Ueno has been a familiar fixture on the international drifting scene, and he’s only ever competed in one car: the Toyota Soarer. Fans are familiar with the blur of red as it streaks along the circuits, always rear-end-out in thick clouds of smoke.
It’s become its own legend and Ueno is known for confessing that the car is the biggest advertisement for his business: should he decide to sell the car, the business might actually fold!
Ueno’s Soarers have undergone three metamorphoses since he started drifting competitively. Now in its third phase, it promises to be better than ever.
For a long time Ueno’s drift Soarers were driven by the 1JZGTE motor, but the third stage in the development made way for the 2JZGTE lump from its cousin, the Supra.
Surprisingly, Ueno and his people at Sui Vax (where the engine was put together) elected to keep things on the bottom end relatively standard. Besides the goods from HKS and the bolted-on T04Z turbo, it’s pretty much all Supra in the engine bay. The new philosophy here is ‘less is more’, and it extends to other aspects of the car too.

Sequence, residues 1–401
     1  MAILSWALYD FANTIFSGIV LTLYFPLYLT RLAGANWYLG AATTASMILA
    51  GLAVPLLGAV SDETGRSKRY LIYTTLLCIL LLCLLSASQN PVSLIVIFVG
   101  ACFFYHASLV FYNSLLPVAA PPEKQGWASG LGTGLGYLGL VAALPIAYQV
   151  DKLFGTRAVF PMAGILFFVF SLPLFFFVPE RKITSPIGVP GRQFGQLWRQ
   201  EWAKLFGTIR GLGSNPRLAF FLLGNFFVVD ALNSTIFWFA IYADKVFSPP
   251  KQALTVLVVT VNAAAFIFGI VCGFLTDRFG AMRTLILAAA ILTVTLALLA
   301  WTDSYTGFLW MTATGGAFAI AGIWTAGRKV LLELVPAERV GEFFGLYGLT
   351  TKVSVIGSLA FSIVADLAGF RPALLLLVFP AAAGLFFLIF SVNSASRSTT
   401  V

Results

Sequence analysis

In standard form, the Soarer is by no means a small vehicle, and in the drifting game, you need your ride to be as lightweight and aerodynamic as possible.
The car’s exterior is fashioned mostly from dry carbon and acrylic, and inside it’s not exactly plush and comfortable. Except for the 6-point rollcage, in-cabin festooning is kept to a bare minimum.
As for driveability, the Soarer’s steering also presented a problem: throughout the development of his drifting vehicles, Ueno found that he wasn't getting a quick enough reaction time when aiming for the perfect angles in and out of corners.
To remedy this, he replaced the factory steering rack with one from the Toyota Celsior to allow for more steering freedom and more precise angles.
The aesthetics is one area when Ueno let it all hang out. The Soarer retains its signature red, and the decals declaring its heritage are still all there too. The wide-body kit is an original from Vertex, a line of aero kits produced by Ueno’s own Car Make T&E.
The rims and tyres are probably the only sacrifice to bling. The gorgeous 18-inch Volk Racing rims hiding the Project brakes are custom-designed for Ueno by Mankin Industries, and you can only ever get that kind of service if you're in the same league as Ueno.
He says his car is a rolling ad for his business, and if the Soarer delivers the kind of performance we've enjoyed from its predecessors, then business will be good.